Wheel Alignment

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Wheel Alignment Empty Wheel Alignment

Post  islander27 on Tue Apr 14, 2009 7:37 pm

any recommendations? I'll be purchasing a set of full coilovers soon, still debating which one to get. Anyways, will be rolling my fenders as well, just waiting for a quote from Tommy hrmm. Any shops that are able to do a wheel alignment with a considerably lowered car? and no the tire wont be tuck, however, flush with the fenders.

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Wheel Alignment Empty Re: Wheel Alignment

Post  catgut on Wed Apr 15, 2009 5:08 pm

Once our all-makes aligner is calibrated I think it can go onto our rack. Only catch would be to remove your front bumper to allow enough clearance so as not to damage it (my suggestion).

I would recommend that you sort out your ride height before getting the wheel alignment. Jay's right, if you can corner weight your car (maybe borrow DRAG scales) as opposed to just for looks; your coil-overs can be put to effective use, at least for ride height. You'll just have to drive it and see what setting suit you/your driving style. What type/spring rates are you getting?

I know you have wider than factory wheels and tires so you need to discuss your driving goals/expectations with your alignment tech to get the best possible balance between tire wear, performance, turn-in, etc. My recommendation for your earlier model would be to get camber bolts along with your coil-over kit (assuming it has adjustable upper plates). This way you dial in your maximum camber using the bolts (change Included Angle) as opposed to maxing out the top plates (SAI) which can hurt your dynamic camber during turns, especially since you have a lower caster specification than my '08. I think you can also benefit from the "free caster mod" on your lower control arms to help with your overall alignment package....lucky you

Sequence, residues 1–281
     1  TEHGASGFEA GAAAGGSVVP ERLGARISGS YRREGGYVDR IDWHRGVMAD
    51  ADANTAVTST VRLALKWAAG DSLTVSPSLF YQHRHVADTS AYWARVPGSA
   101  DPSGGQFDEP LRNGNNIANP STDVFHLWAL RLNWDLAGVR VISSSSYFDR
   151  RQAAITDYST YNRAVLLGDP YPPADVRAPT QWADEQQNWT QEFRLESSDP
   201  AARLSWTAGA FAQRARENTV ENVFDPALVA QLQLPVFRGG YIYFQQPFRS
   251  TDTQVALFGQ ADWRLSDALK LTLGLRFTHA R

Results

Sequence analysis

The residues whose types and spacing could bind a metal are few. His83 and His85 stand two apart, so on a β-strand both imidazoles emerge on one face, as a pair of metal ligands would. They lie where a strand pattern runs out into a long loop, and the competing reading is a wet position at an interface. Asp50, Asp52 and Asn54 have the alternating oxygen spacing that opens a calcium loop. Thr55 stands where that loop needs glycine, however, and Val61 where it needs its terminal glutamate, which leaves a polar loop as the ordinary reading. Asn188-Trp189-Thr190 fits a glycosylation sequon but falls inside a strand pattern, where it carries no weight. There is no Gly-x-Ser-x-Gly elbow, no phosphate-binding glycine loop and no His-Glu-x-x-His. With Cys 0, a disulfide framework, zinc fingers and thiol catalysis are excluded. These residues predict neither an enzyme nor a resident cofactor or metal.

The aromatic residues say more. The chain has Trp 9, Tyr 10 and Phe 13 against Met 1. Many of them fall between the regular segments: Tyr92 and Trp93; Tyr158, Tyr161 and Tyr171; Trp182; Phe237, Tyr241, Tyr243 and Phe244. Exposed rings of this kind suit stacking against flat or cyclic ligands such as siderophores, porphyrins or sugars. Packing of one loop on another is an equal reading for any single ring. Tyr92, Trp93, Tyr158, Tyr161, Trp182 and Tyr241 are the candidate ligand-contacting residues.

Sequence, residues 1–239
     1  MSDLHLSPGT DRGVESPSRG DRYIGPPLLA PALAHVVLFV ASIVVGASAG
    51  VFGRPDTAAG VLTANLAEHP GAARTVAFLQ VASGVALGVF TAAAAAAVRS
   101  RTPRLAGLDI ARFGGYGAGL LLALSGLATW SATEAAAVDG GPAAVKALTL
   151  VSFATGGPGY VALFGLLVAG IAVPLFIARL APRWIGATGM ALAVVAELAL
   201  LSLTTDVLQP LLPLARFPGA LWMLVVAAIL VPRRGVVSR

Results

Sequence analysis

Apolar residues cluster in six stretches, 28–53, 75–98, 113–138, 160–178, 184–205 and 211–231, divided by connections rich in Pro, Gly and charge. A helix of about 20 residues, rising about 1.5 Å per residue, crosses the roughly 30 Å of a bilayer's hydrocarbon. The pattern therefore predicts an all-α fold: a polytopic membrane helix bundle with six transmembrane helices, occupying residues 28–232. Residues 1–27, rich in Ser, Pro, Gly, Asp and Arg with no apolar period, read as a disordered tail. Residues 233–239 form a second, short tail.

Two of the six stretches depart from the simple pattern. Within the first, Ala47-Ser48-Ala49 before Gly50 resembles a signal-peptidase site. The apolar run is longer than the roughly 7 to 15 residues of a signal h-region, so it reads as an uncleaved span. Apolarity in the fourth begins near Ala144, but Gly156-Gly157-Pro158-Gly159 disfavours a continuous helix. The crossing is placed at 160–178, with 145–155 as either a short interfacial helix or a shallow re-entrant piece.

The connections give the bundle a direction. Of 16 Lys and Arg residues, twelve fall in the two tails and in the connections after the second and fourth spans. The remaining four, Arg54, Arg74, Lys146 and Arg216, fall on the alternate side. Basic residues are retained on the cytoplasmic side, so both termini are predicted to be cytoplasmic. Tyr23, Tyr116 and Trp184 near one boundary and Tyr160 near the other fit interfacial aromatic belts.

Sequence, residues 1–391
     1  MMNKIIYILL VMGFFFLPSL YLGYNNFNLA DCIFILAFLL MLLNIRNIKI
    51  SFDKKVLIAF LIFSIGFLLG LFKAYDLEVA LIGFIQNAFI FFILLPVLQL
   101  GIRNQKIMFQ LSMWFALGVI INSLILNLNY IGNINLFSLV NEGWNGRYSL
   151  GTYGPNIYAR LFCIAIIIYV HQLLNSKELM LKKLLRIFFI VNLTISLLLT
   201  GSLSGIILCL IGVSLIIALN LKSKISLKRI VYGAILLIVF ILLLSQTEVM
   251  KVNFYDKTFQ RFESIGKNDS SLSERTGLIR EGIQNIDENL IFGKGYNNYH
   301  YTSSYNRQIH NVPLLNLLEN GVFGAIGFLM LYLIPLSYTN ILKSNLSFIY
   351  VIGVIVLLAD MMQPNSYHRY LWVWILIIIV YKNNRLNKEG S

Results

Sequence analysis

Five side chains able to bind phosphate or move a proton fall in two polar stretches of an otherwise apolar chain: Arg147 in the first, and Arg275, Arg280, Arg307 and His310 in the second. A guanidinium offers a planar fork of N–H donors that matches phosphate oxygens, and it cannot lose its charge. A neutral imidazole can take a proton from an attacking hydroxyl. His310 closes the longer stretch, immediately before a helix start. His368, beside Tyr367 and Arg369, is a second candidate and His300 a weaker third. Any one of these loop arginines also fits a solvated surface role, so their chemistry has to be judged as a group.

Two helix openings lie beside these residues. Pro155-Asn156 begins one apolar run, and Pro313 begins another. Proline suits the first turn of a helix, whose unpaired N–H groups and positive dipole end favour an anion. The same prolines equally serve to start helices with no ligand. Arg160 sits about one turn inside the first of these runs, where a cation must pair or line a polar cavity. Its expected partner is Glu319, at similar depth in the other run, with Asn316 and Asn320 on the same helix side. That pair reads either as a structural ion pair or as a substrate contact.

1. Increase caster as much as you can with "free mod" and anti-lift kit if you can
2. Set ride height of coil-over set-up by corner weight to give yourself a baseline to work from or at least measure your ride height accurately for reference
3. Get your wheel alignment done and use camber bolts for negative camber; try to avoid top plates unless you have some other method not to change SAI
4. If your ride height is very low you really should consider a roll-center/bump-steer kit (depends on what class you'll be joining for autocross so you don't break rules)
5. Drive your beast to see how it behaves and adjust to suit your driving style/needs with proper inflation to avoid sidewall roll-over

I think one of your main concerns is getting your car to turn-in and to avoid understeering. There are settings that can help you rotate the car as well as practicing techniques that aid some oversteer as well. Let me know and once we get that aligner up and running (in about a week) I can have one of our techs do a starter alignment for you to get going and see what you like from there.

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